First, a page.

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Taking Leave of God (SCM Classics) Paperback – 15 Jul 2010
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"'Composed with a moving integrity and honesty, with a stress on disinterested spirituality and discipline.' John Robinson in the Times Literary Supplement 'There shines through this lucid book a passion, an integrity, an often agonising seriousness of concern, which is in refreshing contrast to the dilettantism, the sceptical frivolity, which disfigures some other popular writing on religious matters.' The Tablet"
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It shows a lack of understanding on Amazons part. Or is Bezos just a philistine?
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Don Cupitt argues that one can be a spiritual Christian without buying into the supernatural claims of the Christian faith. In his brand of Christianity, "God" is a metaphor, a literary personification that embodies the very best of humanitarian ideals. To say "I believe in God" is to say, "I believe in love, compassion, justice and wisdom" - which have always been the attributes of the Christian God anyway.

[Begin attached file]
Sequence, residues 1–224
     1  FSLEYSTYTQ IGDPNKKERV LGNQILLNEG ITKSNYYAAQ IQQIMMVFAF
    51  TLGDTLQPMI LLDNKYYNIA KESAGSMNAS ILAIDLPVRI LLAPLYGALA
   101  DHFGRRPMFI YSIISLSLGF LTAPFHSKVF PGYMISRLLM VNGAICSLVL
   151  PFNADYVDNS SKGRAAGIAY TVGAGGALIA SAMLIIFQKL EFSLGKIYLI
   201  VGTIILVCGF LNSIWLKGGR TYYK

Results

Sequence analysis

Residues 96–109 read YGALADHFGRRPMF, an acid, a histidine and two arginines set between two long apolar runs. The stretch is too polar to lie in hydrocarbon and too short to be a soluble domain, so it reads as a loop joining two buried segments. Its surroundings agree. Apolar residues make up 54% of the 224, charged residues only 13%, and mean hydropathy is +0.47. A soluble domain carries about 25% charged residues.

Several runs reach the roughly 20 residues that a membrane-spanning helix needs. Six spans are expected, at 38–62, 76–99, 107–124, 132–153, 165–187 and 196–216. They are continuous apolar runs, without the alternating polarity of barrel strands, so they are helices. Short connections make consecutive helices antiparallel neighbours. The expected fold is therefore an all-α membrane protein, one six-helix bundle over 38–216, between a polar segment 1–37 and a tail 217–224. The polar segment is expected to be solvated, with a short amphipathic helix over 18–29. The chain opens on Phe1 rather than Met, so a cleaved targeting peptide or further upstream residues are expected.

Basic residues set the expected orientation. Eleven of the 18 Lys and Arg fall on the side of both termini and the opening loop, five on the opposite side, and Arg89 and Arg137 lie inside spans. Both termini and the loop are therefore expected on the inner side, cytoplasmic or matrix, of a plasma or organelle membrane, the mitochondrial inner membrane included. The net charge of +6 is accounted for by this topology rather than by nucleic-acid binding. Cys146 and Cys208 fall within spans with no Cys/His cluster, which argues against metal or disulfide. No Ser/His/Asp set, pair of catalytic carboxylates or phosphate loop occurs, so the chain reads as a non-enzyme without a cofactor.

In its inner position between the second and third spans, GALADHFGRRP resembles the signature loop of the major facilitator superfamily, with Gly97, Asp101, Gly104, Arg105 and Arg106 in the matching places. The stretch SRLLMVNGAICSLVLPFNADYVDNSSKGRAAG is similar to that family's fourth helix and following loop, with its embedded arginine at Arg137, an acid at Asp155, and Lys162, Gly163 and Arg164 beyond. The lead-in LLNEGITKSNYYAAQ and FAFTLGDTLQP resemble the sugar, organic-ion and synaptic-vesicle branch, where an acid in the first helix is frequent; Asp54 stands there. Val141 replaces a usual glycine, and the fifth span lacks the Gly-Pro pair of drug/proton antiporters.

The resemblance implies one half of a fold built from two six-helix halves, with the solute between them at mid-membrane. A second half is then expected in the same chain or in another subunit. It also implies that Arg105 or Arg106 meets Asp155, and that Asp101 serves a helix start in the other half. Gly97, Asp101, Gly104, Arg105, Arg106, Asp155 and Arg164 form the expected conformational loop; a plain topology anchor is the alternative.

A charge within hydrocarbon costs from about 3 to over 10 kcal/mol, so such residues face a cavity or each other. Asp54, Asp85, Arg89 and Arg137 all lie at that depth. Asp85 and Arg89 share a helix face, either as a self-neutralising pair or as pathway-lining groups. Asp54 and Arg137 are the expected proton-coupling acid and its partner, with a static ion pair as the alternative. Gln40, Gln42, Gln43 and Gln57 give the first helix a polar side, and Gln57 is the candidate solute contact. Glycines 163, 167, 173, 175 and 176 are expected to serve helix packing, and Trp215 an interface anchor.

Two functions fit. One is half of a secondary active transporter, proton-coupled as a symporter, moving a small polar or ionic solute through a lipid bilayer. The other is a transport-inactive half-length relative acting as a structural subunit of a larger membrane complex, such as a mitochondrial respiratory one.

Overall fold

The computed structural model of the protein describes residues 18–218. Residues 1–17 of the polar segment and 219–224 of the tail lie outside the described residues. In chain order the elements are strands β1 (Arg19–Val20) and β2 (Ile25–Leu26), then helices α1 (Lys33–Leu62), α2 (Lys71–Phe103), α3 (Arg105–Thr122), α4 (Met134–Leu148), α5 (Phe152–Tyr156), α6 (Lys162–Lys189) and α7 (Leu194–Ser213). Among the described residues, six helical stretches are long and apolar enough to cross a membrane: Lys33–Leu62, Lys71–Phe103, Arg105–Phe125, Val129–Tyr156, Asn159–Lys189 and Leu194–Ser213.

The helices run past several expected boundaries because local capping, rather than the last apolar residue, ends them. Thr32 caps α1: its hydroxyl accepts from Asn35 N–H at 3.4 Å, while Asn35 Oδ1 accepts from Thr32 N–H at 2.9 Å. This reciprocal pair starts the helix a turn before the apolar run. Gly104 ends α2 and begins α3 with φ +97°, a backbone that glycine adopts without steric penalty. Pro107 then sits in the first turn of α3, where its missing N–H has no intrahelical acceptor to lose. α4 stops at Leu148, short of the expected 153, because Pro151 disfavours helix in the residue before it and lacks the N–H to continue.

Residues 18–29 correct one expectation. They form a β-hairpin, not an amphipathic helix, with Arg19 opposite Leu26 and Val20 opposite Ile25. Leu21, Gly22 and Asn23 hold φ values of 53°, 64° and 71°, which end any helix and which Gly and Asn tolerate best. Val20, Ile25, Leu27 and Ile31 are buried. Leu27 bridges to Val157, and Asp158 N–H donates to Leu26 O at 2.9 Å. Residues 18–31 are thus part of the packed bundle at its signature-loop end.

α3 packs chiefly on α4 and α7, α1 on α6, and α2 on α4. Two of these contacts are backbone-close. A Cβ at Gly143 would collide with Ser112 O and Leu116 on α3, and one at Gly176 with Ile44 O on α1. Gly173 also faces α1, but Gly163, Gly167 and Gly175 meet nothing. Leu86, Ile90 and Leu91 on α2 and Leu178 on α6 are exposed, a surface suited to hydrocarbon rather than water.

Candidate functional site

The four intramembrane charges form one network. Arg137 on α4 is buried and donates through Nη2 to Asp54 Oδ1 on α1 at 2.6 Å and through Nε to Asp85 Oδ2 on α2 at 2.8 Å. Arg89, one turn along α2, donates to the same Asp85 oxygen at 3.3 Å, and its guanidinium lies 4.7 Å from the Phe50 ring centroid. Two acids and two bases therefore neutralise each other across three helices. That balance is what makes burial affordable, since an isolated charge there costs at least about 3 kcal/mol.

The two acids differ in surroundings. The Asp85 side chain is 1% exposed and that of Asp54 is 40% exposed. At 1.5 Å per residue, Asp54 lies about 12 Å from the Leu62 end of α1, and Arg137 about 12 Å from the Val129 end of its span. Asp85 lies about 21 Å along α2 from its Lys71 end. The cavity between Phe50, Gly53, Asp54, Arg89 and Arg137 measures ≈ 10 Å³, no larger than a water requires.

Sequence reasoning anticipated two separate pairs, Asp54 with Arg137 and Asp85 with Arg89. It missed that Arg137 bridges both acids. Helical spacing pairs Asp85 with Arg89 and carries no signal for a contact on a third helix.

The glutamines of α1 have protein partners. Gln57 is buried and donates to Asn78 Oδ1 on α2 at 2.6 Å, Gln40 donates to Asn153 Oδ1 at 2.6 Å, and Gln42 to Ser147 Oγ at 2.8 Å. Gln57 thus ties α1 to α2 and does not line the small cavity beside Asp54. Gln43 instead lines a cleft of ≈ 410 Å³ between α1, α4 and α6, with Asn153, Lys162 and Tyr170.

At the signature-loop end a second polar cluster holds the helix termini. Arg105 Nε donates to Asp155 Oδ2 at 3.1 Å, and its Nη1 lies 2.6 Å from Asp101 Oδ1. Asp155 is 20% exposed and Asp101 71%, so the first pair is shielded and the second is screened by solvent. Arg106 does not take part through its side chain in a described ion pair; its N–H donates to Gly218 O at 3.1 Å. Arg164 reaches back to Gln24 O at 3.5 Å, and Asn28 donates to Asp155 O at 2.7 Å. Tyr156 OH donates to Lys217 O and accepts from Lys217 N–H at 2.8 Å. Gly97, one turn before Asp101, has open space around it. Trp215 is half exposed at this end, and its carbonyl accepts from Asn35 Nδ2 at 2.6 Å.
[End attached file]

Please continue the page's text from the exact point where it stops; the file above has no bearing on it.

Cupitt views these attributes of God as central to the Christian faith, rather than the actual existence of God himself. To be a devout Christian means to hold these values dear and to even attend church as a means of helping others.
"Taking Leave of God" is not a light read, but worth pondering!
Now for some objective criticism of "Taking Leave of God." Cupitt's book needs an index. It would be enjoyable, after reading the book as a whole, to be able to go back and find Cupitt's own fascinating spin on various subjects.
It also needs a glossary. For example, he repeatedly uses the phrase "religious requirement." The reader will be lost if he misses the vital passage where that term is defined.
Last, many will say that Cupitt fails to deal with a hallow victory. According to Cupitt, there is no God outside the human mind. Fine. God is the embodiment of human or humanitarian ideals. Fine. But what about the perennial human problem of existential angst? In other words, what about our fear of death? With no God "out there" to save us, how can we ever transcend the dread that accompanies our demise or of those we love?
For most Christians throughout history, the central message of their faith has been that of a God who can reward with salvation because he does in fact exist. "He that comes to God must first believe that God exists, and that he rewards those who seek him." (Hebrews 11:6).
I will still give this book a 5 star rating because it is a valiant effort to balance treasured religious ideals with the starkness of contemporary unbelief.